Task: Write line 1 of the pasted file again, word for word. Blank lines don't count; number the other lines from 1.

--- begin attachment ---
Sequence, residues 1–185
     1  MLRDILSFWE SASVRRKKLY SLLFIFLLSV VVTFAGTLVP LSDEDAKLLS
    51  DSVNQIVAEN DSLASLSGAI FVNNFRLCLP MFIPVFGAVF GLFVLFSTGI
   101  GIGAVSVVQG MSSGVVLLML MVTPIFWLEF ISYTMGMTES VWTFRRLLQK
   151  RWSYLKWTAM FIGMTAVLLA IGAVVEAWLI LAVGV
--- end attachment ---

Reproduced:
Sequence, residues 1–185